"I was a little shocked at the scandal, yes," the older woman with the dyed red hair says. "Because he was supposed to be so… strong."
Fillon had also threatened to "do to France what Thatcher did to Britain". As proof of his radicalism, he offered to sack 500,000 civil servants. It's not hard to see why that might be the right medicine in a nation where the state consumes 57 percent of GDP. Compare that with 42 percent of GDP in Britain, or 34 percent in America, and you start to see the scale of the oil tanker France needs to turn around. At those spending levels, France should feel like Norway. It doesn't.
Fillon was yet another accidental candidate. Everyone expected Les Republicains to choose Nicolas Sarkozy. "Yes, I was a Sarkoziste," the younger of the two says. "It was him who rebuilt the party in the past few years."
But didn't he leave office horribly unpopular?
"No! No! He was very, very popular. He lost because people wanted a change." She shakes her head, with sadness. "The French are never content. Like Le Brexit, there are the people who are for, the people who are against…."
Our conversation is interrupted as, just outside, another elderly woman shunts my new friend's car while parking. She then totters off, claiming she "hasn't got time right now" to donate her insurance details.
My new friend wanders back inside, shaking her head. "You see! C'est la France!"
In the end, Macron cancels his planned finishing rally in Amiens, town of his birth, crucible of the new war over protectionism v liberalism. Sucks to be Amiens.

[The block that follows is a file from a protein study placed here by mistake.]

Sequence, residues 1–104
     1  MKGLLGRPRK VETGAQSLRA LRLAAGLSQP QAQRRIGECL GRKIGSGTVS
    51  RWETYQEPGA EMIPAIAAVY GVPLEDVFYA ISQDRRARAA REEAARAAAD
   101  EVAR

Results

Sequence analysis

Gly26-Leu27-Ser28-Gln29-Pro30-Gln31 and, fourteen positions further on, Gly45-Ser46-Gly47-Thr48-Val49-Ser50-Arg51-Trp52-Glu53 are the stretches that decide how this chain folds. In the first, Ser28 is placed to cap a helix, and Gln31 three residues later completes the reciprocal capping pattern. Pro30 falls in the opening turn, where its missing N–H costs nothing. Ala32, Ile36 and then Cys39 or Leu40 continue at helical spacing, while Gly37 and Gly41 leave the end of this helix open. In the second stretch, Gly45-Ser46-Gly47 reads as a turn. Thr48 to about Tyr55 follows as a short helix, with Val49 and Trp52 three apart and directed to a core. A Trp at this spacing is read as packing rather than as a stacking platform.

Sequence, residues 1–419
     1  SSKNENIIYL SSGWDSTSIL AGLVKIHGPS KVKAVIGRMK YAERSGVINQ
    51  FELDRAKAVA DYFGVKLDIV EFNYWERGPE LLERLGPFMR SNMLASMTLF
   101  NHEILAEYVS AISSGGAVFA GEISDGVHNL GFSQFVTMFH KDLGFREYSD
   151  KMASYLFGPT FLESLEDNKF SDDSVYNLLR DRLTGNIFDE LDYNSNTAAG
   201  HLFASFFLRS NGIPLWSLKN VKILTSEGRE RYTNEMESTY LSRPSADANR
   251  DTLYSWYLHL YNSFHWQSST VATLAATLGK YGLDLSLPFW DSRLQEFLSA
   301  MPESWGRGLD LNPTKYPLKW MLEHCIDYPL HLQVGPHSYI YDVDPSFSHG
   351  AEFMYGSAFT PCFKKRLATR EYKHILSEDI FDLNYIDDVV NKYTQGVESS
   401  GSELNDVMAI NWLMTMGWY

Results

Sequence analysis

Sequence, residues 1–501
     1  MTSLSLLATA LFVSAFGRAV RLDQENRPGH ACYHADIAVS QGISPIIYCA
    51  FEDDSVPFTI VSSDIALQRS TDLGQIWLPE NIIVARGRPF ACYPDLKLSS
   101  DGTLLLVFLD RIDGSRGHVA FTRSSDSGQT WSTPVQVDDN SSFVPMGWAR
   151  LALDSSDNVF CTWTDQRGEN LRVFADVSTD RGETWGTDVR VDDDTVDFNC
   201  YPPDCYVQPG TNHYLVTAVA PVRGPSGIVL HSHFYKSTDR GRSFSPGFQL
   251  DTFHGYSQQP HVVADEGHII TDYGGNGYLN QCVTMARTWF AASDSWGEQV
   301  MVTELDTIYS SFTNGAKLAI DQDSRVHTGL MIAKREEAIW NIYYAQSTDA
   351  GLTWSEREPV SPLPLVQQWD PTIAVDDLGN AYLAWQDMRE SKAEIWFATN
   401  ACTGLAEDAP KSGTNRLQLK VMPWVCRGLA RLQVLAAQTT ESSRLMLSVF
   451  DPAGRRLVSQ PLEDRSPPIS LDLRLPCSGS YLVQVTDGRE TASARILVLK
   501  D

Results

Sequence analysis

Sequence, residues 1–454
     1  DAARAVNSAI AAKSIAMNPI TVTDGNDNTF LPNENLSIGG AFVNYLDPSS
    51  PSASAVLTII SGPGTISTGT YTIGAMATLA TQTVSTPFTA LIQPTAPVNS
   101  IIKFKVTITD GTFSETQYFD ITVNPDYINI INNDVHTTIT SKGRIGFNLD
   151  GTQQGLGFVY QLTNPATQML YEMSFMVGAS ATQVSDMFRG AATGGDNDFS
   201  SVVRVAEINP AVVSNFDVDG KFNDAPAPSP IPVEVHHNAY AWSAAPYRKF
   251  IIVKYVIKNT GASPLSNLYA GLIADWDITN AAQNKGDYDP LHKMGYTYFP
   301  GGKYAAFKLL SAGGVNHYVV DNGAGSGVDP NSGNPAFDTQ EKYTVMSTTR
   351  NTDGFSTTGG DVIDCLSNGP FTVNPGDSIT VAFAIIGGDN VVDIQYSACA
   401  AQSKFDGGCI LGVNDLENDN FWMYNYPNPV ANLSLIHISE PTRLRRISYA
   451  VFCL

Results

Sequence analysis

Three days later he's dining with his family at the building that superseded the Perret as France's highest – Paris' pricey Tour Montparnasse – having scooped the top share of the vote. With 23 percent to Marine's 21, they're both through to the head-to-head clincher in two weeks time.
But for all Macron's air of gilded effortlessness, he must still have a few black threads of doubt to pick on. The French know full well what's at stake. From the left to the right, try to pin them down on the geyser of rage in their politics and they reverse it to say, "Yes, but what about Le Brexit?" The French, who love to put their politics at the centre of Western history, are very aware of their place as the next domino in The Domino Theory Of Wrecking Ball Populism.
They understand that the momentous election of 2017 is a manifestation of a deep evolution in the brains of voters. Left and right – these convenient little tags – have faded away, much to the despair of those who had monopolised them since the dawn of the Fifth Republic. No one who isn't part of the big two right-left parties has ever won a French election. Now? It's nailed-on.